Still Trying to Figure Out the Best Approach
The Problem with Private Schools, the Bubble World
Increased Government Involvement and Funding
Academia’s Failings in Terms of the U.S.’s Ability to Compete Globally
The Students Get Involved
Those Who are Dissatisfied Strike Out on Their Own

Education in the United States during the Late 1900s
The Mechanistic Faction Refuses to Budge
The Modern-Day Problem with the Mechanistic Argument
The Human Relations School Types Continue Chipping Away
Government Efforts to Make School Systems Accountable
Developing State-Wide Achievement Standards and Work-Study Programs
Three Movements That Made a Difference

Education in the United States during the Early 2000s
No Child Left Behind (NCLB) and the Ensuing Confusion
The Advent of the Student Aptitude Test
Why a Universal Test Taken by All Students Is Necessary
Grades Don’t Tell the Story
No Perfect Solution, But…
European Nations Provide Models the United States Can Learn from

Europe: Leading the Way or Behind?
Designing the Best Model
The Bologna Process’ Focus on Standardization
The Bologna Process and Program Design
The Bologna Process and Rewarding Student Accomplishment
Strata of Qualifications Frameworks
Shaping Curriculum through Tuning
Top-Down versus Bottom-Up Standardization
The Bologna Process and Transferability of Evaluation
The Bologna Process and the Social Dimension

To Join or Not to Join? That is the Question
Spread of the Bologna Process
Downsides of the Bologna Process
Research in European Universities
Tuition Free Education and Its Problems
How Private School Education in European Countries Is Financed
The Move toward Decentralization

Standardization as a Threat: The Japanese Experience
Japan’s Individuality Crisis
A History of "Honne" Bowing to "Tatemae"
The Perils of Importing Progress
The Samuraization of Workers and Students
A Lost Opportunity
Japan Goes to War in the Marketplace
Does Excessive Regimentation Support a Hidden Curriculum in the Classroom?
Competition Out of Control

Japan’s Inability to Modernize Its Education System
The Toll Taken By Excessive Standardization
Those Who Suffer the Most
More Disturbing Evidence
The Nation as a Whole Suffers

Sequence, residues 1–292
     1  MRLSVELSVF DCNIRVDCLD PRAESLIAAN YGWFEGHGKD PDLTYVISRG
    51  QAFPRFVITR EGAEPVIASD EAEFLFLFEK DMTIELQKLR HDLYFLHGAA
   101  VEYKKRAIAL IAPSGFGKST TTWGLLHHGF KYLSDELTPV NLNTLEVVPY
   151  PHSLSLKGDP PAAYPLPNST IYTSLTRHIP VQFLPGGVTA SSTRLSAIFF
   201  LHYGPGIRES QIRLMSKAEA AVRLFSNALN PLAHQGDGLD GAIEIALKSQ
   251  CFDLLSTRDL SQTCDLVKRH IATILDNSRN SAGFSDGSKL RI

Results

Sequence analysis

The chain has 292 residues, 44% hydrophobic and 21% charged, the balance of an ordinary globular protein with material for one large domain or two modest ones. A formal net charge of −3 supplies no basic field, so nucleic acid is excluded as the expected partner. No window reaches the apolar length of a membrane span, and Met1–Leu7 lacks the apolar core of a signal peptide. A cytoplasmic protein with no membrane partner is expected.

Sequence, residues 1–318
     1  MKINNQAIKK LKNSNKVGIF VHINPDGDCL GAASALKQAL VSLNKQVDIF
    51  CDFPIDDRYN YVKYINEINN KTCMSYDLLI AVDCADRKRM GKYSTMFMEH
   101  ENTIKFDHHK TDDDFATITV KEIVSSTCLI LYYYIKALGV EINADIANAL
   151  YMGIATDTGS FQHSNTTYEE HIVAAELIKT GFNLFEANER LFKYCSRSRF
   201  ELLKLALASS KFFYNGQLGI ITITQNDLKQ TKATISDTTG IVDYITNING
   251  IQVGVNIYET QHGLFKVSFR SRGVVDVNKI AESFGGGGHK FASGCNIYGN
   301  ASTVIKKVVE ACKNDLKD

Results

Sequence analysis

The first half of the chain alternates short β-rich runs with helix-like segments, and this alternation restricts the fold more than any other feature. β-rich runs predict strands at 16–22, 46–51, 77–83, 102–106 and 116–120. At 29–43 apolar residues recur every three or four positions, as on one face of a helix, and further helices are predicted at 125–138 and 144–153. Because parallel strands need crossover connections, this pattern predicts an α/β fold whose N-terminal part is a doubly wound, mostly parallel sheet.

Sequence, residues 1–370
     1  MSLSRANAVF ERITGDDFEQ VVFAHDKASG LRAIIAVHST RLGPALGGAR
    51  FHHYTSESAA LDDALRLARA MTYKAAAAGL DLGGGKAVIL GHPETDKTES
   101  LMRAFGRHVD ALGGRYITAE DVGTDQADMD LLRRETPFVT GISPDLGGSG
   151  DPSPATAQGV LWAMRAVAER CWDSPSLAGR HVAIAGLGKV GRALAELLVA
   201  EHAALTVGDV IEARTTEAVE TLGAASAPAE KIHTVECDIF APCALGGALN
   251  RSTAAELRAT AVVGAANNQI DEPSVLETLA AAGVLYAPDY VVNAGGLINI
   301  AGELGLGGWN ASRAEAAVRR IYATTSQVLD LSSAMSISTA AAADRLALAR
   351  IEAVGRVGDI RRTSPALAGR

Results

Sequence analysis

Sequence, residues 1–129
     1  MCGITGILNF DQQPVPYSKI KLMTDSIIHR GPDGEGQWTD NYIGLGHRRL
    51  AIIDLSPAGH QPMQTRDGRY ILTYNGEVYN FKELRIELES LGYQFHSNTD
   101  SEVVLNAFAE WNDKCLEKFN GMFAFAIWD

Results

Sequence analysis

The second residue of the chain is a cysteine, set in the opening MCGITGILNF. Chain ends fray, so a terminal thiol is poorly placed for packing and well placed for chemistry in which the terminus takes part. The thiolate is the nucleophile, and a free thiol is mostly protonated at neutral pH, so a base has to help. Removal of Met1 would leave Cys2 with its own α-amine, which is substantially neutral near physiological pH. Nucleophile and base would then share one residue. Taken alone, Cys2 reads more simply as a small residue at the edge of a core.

The Major Obstruction to Change
The Inability to Get beyond Dependency Theory and Its Consequences
Is Cultural Reform Possible?

Things That Need Further Improvement in the United States
Developing Standards for Academic Achievement at the Highest Level
Improving the Performance of Teachers as Well
Teachers as Students
Teacher Empowerment as the Biggest Challenge
Measurement That Makes Sense
Once Again, Standardization versus Reflective Thinking
Why neither Charter Schools nor Vouchers nor Private Schools Provide the Answer
Tracking, More Harm Than Good?
The Limitations of IQ Tests

The Impossible Becomes Possible
Historical Progress of the U.S. Education System
Still Seeking the Best Approach
Updating the Attitude of Teachers
The Current Challenge
Putting the Pieces in Place
Self-Management as the Key to Learning
Our Traditional Grading System Made Obsolete

Dealing with the Logistics of the New Paradigm
Meeting the Initial Challenge
Encouraging and Measuring Progress
Breaking Down Traditional Boundaries
Including University-Level Work in the Loop
Time to Move on toward New World Education


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William F. Roth, MSW, PhD, is currently a professor at Kutztown University in Pennsylvania where he teaches courses in strategic planning, organization design, ethics, and management theory. Previously, he taught for 16 years at DeSales University, where he held the McCabe Endowed Chair for Business and Society. Dr. Roth earned his PhD at The Wharton School, his master’s in social work at the University of Pennsylvania, and his bachelor’s in economic geography at Dartmouth College. As a consultant, Dr. Roth has worked on design and regional planning projects in Saudi Arabia, Iran, Mexico, and several locations in the United States. Previously, he spent 5 years with the poverty program and the civil rights movement in the Deep South.

Ian M. Roth, MS, graduated from Vassar College with his BA in philosophy. He then earned his MS in global and international education from Drexel University, where his dissertation addressed using learning technology to teach multiculturalism in Japanese primary schools. Ian has been living in Japan since college and has taught there at the primary, secondary, and university levels. He has published a number of articles in Japanese journals and has recently submitted several to U.S. journals. Currently, he is studying for his PhD in Organizational Systems at Saybrook University.